© Raka Goyal (2019).

Figure 1. Proportional-hazards deck deterioration models for concrete-deck steel stringer bridges showing the effect of deck type, age, ADTL, and maximum span over the bridge lifecycle

Proportional-hazards deterioration-model plots for individual bridges in each bridge category (Table 1) are available on InfoBridge (FHWA, 2020). In addition to the mean-predicted condition rating, prediction curves associated with cumulative probabilities of 75 percent (lower bound), 50 percent (median), and 25 percent (upper bound) are also displayed as shown in Figure 2.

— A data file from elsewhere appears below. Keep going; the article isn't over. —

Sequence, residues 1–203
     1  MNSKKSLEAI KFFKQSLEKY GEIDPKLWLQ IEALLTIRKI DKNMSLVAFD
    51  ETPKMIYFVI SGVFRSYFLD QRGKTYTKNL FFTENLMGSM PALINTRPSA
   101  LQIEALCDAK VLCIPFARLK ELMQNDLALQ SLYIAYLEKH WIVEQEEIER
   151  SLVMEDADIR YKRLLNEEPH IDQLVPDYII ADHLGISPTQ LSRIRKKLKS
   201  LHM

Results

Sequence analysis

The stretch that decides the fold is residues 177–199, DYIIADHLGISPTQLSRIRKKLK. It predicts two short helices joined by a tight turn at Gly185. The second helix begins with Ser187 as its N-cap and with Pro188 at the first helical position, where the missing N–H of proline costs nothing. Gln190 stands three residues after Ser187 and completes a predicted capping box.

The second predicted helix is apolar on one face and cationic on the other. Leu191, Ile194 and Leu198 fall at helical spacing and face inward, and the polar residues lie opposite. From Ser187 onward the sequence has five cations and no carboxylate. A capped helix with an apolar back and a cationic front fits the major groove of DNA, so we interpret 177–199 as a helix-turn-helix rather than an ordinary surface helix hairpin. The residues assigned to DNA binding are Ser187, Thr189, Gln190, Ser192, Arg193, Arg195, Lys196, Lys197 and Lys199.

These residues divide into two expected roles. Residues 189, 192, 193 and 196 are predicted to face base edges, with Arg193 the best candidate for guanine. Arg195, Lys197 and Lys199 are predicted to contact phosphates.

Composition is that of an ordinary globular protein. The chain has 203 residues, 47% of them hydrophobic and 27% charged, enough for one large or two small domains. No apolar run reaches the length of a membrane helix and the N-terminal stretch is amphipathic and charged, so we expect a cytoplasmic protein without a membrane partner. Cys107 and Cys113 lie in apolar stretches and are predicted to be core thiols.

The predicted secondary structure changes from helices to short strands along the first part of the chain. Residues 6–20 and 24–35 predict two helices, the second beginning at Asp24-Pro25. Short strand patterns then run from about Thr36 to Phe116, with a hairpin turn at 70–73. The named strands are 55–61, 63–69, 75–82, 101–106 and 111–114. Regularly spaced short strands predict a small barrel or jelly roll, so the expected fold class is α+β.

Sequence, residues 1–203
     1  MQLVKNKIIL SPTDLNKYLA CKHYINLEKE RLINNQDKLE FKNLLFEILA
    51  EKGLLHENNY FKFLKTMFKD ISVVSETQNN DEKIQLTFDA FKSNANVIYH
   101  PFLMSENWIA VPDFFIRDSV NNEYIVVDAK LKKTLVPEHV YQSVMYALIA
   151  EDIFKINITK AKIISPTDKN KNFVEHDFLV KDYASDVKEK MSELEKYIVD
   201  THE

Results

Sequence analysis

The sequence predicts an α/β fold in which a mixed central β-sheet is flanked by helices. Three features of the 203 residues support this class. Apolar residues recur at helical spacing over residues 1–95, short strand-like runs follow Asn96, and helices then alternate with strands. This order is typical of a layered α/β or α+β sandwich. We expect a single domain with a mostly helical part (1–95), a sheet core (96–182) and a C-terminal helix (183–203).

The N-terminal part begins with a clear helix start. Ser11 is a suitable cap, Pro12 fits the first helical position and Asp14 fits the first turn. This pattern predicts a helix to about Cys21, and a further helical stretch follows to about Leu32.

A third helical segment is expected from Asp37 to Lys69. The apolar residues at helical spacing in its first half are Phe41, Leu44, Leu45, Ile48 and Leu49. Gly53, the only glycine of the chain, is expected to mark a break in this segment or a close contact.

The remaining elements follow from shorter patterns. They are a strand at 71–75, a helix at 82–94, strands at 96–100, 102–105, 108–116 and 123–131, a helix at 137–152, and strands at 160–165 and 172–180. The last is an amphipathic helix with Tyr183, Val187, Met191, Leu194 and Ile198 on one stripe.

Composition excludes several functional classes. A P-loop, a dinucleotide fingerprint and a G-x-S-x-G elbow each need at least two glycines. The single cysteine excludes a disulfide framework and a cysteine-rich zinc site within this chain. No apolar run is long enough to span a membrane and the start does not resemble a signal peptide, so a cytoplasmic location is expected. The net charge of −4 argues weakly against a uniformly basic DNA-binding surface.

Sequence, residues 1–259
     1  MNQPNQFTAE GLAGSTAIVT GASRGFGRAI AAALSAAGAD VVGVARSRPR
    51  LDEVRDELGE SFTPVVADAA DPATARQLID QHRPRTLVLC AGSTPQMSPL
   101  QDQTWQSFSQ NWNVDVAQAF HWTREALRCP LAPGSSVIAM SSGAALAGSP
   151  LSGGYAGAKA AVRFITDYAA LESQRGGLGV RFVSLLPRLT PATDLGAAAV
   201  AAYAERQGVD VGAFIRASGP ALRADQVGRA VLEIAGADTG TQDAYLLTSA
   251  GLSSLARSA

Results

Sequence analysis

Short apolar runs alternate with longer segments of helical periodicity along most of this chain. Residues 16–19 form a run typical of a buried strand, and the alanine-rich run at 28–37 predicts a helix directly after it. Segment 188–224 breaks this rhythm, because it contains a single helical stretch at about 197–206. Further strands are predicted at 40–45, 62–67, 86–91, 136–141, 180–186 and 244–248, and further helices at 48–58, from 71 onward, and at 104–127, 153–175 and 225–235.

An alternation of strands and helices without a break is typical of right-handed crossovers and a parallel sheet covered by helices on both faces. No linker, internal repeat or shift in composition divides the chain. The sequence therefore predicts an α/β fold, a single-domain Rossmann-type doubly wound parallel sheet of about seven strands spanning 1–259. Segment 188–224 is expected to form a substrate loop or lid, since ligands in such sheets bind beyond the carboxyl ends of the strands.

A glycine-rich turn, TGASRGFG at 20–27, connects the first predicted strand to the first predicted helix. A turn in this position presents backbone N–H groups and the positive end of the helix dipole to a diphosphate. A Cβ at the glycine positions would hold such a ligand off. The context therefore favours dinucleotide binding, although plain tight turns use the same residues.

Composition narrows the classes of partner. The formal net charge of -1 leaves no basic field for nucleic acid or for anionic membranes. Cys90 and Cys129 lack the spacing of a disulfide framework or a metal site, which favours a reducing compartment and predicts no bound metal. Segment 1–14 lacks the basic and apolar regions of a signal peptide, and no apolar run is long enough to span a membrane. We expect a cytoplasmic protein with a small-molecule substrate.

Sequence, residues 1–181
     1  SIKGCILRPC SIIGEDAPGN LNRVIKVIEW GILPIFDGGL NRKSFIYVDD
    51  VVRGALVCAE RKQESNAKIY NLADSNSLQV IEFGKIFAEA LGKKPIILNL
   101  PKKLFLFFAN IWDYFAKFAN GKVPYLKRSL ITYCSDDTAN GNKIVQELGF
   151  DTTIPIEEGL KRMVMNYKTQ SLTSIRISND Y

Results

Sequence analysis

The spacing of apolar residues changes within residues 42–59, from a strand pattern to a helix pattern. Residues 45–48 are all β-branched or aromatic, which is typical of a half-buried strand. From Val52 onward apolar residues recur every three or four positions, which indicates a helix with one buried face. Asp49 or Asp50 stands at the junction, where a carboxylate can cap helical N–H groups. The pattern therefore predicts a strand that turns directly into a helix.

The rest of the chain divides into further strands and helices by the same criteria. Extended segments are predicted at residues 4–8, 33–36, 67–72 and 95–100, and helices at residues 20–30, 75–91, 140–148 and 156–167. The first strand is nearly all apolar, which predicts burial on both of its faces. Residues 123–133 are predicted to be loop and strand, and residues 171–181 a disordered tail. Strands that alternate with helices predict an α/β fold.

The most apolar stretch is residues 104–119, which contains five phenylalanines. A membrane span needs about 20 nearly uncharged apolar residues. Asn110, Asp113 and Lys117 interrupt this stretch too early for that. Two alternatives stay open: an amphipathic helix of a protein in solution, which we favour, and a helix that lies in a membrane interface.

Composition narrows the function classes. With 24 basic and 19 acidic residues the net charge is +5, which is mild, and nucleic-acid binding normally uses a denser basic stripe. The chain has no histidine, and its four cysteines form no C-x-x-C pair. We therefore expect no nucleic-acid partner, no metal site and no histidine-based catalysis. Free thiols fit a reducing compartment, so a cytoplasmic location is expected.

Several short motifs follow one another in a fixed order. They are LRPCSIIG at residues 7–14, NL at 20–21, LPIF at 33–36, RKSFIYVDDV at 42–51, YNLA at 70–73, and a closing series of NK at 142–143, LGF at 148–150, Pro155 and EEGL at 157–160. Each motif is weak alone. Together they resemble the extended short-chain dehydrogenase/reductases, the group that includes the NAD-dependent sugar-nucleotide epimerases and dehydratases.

Figure 2. Survival-based deck-condition forecasting curves on LTBP InfoBridge. The figure shows a screenshot of proportional hazards deck deterioration model display on FHWA InfoBridge. The rectangular screenshot shows a graph with two selection dropdowns above it. The topmost selection drop down is for Deck Model type. The second selection dropdown is for customizing the display by choosing a line type and color for the selected models. The screen shot pertains to Proportional Hazards Deterioration Models for a Prestressed Concrete Box Girder bridge. The graph has condition ratings from 3 to 9 on the Y-axis and years 1999 to 2070 on the X-axis, with a vertical line at year 2018 signifying the forecast start year. A solid line represents the historical condition rating plot of the bridge starting from condition rating 9 at year 1998 to condition rating 7 at year 2018. From 2018 to 2070, four deterioration curves associated from top to bottom with condition ratings corresponding to upper bound, median, mean and lower bound values are displayed. The mean condition rating curve crosses the condition rating 4 horizontal grid line at year 2067 while the lower bound curve reaches that threshold ten years earlier at year 2057. A textbox corresponding to a round marker displays the Forecast year as 2040 and the mean condition rating as 6.1 at the marker position.